Bauer, who lived in Albertson, N.Y., died Friday of complications from pneumonia, said his daughter, Pamela.

He developed much of his solo technique while playing with Tristano's group, which he joined in 1946. Before that, he had played mostly rhythm parts.

Bauer recorded both with the band and with individual members, such as saxophonists Lee Konitz and Warne Marsh. He founded a publishing company, William H. Bauer Inc., to publish compositions by himself, Tristano, Konitz and Marsh.

Read the complete obituary from Newsday...

Wednesday, June 22, 2005

Monk plays Chopin?

Yeah, or so the Monk estate claims. They have posted on their website a homemade recording of a piano player, playing a piece by Chopin. Quite well in fact. Some people claim that it's not Monk. I suppose we'll never know. It's quite interesting though if it is Monk. Some people claim he didn't have much technique. I've heard stories of people who "accidently" walked by Monk's apartment and heard someone playing brilliant Bud Powell-esque bebop lines, only to have Monk make them promise not to tell anyone it was him, so perhaps this is in fact Monk. Thanks to Terry Teachout for the heads up.
scroll down and click clip #5

Jazz and NASCAR!!!

No, Dale Jarrett isn't recording a duets album with Shirley Horn, and no Joey DeFrancesco isn't planning on taking the #5 car into the pits for 4 fresh tires and another round of wedge, but jazz and NASCAR, do apparently go together. At least according THIS press release. I can only imagine the conversation between Eric and his booking agent -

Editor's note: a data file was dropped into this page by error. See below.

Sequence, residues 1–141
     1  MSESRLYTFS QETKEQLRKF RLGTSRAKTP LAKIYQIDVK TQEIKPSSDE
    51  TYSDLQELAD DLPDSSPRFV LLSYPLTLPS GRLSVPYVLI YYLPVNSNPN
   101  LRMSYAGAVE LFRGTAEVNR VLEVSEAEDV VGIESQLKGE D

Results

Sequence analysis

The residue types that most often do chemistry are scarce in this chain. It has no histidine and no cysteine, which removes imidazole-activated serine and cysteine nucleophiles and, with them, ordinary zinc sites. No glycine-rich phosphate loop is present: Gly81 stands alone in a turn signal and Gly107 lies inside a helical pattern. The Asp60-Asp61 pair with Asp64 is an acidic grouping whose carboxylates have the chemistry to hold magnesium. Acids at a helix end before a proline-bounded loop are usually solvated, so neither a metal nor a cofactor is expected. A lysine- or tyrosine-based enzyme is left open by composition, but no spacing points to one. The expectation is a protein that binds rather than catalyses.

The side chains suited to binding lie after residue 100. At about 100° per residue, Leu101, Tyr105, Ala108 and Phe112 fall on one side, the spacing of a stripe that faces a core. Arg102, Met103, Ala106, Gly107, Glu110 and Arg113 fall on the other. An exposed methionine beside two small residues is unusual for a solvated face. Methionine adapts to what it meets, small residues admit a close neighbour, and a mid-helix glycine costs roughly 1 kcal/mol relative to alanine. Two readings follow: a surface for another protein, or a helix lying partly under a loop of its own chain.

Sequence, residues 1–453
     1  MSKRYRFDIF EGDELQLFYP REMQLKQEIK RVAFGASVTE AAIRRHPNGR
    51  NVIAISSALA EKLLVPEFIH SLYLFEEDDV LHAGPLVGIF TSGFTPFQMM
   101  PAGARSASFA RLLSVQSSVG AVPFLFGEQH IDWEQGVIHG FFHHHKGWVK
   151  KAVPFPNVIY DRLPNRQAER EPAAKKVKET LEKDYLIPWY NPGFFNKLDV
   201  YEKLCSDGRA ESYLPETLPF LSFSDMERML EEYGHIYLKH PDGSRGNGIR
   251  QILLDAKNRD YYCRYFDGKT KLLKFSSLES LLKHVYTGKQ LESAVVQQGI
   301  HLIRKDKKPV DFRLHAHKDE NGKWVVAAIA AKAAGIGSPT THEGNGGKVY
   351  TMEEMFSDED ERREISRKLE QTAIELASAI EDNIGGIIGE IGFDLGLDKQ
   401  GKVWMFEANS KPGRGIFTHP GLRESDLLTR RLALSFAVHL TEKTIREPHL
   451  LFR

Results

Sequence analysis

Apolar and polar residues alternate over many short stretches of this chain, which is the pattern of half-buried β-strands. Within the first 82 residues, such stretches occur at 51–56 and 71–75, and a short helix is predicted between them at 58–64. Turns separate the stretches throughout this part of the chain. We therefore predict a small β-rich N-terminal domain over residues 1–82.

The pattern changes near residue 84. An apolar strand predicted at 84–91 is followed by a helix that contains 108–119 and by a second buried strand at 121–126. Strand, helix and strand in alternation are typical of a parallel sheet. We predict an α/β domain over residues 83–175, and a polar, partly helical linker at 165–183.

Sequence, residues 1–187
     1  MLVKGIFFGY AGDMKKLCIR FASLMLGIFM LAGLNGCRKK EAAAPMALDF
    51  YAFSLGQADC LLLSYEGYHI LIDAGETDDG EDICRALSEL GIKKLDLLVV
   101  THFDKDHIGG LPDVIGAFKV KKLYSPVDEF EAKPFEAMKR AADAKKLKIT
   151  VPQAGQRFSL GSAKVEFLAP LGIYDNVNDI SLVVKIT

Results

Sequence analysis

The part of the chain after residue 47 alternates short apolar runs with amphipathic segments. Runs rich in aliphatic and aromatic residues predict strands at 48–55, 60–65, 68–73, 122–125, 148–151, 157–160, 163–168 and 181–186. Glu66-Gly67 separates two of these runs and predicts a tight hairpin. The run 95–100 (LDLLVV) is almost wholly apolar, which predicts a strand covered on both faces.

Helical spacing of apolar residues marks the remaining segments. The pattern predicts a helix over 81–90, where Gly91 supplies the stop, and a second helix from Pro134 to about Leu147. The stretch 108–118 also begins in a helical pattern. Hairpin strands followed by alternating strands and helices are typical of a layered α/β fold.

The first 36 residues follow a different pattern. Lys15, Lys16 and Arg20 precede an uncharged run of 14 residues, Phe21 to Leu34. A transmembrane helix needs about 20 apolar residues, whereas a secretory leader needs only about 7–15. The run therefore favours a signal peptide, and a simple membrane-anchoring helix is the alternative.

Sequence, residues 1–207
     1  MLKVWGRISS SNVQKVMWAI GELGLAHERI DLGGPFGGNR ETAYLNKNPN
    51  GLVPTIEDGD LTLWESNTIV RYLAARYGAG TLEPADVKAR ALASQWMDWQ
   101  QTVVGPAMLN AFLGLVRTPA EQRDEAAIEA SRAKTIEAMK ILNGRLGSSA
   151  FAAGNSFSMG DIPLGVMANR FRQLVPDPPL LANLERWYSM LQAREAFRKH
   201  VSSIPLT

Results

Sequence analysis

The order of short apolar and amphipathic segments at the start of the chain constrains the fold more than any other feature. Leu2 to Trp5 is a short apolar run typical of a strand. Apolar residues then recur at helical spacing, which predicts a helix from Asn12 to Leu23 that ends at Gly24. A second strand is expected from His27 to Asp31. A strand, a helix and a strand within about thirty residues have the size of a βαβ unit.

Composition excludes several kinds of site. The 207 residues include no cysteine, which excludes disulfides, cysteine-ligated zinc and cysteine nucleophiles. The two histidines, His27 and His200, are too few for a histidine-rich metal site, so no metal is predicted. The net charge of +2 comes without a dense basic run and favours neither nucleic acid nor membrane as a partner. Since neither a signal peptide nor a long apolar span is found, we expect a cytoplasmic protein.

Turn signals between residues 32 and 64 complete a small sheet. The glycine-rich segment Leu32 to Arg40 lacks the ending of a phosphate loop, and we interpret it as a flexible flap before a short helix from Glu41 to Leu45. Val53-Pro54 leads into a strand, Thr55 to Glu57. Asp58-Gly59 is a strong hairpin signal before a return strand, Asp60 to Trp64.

Agent - "So Eric, I've got a big gig out west for you."
Eric Lewis - "Cool, where is it?"
Agent - "Northern California"
Eric - "A week headlining Yoshis?"
Agent - "No."
Eric Lewis - "The Monterey Jazz Festival?"
Agent - "We tried, but no."
Eric - "Well, I hear Healdsburg has a nice festival, how about that?"
Agent - "You're getting warmer."
Eric - "Ok, I get it, a winery in Napa, Sonoma, or somewhere up there?"
Agent - "You've almost got it. Let me give you a hint - vroom vroom."
Eric - "Aw, you mean I'm gonna be playing with Frank Lacy? I hate when he does that motorcycle thing with his trombone, he thinks it so cool."
Agent - "NO! Not Frank Lacy! Try Jeff Gordon! - You're playing NASCAR!"

Here's the actual press release

SONOMA, Calif. - Renowned jazz pianist Eric Lewis has been selected to perform the national anthem at the Dodge/Save Mart 350 NASCAR NEXTEL Cup Series event at Infineon Raceway on Sunday, June 26.

Lewis, a native of New Jersey, has put together quite a career at the young age of 32, having played for President Clinton at the 1996 Democratic National Convention. He has also played for the world-famous Lincoln Center Orchestra with Wynton Marsalis.

"Since I was a child, zooming along in cars has always been a great thrill for me. I am very much anticipating being out there amongst all of these great NASCAR drivers," said Lewis, who will play the national anthem on his piano. The race is set to take the green flag at 12:30 p.m. on FOX (PST).

Lewis was crowned a piano master in 1999 when he won the prestigious Thelonius Monk International Piano Competition, which led to an invitation to join the band of one-time John Coltrane collaborator Elvin Jones. Lewis has also played with Cassandra Wilson and Roy Hargrove, among others.

In addition, Lewis has provided the score for the movie "A Trumpet at the Wall of Jericho," which aired nationally on PBS in 2004. He also appeared in the film "The Caveman's Valentine" in 2001 with legendary actor Samuel L. Jackson.

Lewis has recently ventured out on his own to record his own music, in addition to film and television projects (